Calling all participants. Rehearsals will be taking place with maestro Dewey Ehling at George Washington Inn on Monday evenings, July 8 and 15 from 7 – 9 PM. This will allow the ensembles to get acquainted with the facility.
The inaugural Washington Music Festival will take place this summer at George Washington Inn and Estate on Friday and Saturday, July 19-20, 2013 from 2-5 PM. It will include various ensembles playing music reminiscent of the era when our nation began. Bring your lawn chairs and a picnic basket. Sit back and enjoy some beautiful baroque music from George Washington’s day. Click here for more info on tickets, etc.
An imagination is a wonderful thing…so is good music!
“I sat in the lush green grass of early summer, beneath the dappled shade of two young oak trees, a strong sun piercing the leafy canopy above my head. Delicate clumps of daffodils about my feet bowed gracefully as they prepared to retire after a long spring, adorning the lawns in front of this great house.
I imagined guests arriving up the long winding gravel driveway in horse and carriage, each and every one dressed in fine cloth from exotic far off lands. I imagined a small group of musicians sitting in the great hall welcoming the guests arrival, with the most up to date popular music. One of those pieces could very well have been this beautiful Sonata in F by the then very famous George Frideric Handel.” Johnnie Lawson, Muzica Clasica de Relaxare-Relaxation-Classical Music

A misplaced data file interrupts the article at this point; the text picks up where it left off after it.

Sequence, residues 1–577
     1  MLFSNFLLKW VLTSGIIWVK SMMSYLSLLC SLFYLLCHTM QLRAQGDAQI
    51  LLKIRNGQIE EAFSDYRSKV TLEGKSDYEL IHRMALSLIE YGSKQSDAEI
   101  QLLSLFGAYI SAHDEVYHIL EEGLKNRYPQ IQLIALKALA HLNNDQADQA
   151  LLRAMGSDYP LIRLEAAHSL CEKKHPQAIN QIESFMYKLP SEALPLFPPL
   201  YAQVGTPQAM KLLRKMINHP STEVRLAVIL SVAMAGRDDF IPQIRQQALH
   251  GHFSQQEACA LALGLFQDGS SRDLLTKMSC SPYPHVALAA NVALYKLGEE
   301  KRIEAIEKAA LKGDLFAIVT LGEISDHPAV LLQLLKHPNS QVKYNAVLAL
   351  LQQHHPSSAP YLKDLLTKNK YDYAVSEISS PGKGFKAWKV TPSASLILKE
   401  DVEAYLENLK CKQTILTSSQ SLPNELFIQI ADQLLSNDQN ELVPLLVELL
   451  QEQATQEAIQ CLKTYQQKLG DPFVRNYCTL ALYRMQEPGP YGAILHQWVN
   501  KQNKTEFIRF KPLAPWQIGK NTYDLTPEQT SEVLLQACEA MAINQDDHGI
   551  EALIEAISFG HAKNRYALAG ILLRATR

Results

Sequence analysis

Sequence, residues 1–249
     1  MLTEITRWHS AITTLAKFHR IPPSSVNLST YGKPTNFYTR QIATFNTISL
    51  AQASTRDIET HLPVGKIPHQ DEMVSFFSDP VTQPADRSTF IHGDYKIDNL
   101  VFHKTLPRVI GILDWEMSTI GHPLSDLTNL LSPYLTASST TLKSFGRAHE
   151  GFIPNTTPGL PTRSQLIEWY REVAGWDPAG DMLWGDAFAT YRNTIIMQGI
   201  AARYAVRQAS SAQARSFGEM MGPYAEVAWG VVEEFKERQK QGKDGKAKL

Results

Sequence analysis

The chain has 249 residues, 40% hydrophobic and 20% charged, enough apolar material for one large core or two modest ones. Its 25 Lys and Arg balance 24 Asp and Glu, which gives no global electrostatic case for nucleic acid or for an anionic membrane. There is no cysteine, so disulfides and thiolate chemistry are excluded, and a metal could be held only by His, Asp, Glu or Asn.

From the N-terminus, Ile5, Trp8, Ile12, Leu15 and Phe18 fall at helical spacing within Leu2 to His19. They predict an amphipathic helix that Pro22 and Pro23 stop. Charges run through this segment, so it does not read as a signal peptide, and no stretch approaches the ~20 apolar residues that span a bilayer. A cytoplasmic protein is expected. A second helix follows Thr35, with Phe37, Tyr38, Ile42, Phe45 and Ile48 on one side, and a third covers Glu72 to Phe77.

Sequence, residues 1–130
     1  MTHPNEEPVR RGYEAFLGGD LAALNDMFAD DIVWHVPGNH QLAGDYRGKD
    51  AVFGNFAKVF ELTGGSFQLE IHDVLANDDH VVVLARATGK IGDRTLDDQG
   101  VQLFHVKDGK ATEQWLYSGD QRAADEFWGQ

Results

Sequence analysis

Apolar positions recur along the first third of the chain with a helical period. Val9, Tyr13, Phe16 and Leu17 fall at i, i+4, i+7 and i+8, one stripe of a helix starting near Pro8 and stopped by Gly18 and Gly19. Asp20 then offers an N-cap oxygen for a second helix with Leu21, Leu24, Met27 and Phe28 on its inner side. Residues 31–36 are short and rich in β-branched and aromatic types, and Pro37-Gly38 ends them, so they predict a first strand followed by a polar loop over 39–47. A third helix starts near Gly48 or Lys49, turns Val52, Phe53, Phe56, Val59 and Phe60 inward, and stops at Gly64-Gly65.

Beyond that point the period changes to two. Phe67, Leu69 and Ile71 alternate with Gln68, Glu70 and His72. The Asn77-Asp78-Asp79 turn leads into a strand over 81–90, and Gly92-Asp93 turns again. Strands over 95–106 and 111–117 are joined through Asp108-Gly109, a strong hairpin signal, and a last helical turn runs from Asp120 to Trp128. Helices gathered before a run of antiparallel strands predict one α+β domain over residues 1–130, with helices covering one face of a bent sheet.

There’s no need to imagine any longer. Make those dreams come true. Bring your lawn chairs or blanket this summer, relax on the inn’s front lawn and enjoy some of the finest baroque and early American folk music as it wafts through the ocean air from under the portico of George Washington Inn.
Recently a composer was having a premiere of his latest piece performed in a major music hall when the orchestra suddenly shut down and packed up right in the middle of the piece to keep from going into overtime. Apparently the orchestra’s union had given the members instructions to do so. Today budgets are under stress and funding has been cut by cash-strapped organizations. People have many choices from which to select their preferred listening venue.
Joshua Bell, world-renowned violin virtuoso, has made a profound statement about music today. “We need to keep finding ways of reaching young people in environments that make them feel comfortable, without altering the music,” Bell said. “We don’t need to add drum beats to great classical works to reach younger people. That’s not the point at all.” He continued, “They can connect with great classical music, but sometimes it means finding the right venue, or the right time of day, or the right way to present it where they feel embraced. We should always be experimenting with things like that.” (See article by James Chute/U-T)
We hope you will come and experience our exciting new venue this summer. The setting for the inaugural Washington Music Festival is a beautiful ten acre oceanfront lavender farm with a replica of George and Martha Washington’s beloved Mount Vernon as its iconic focal point.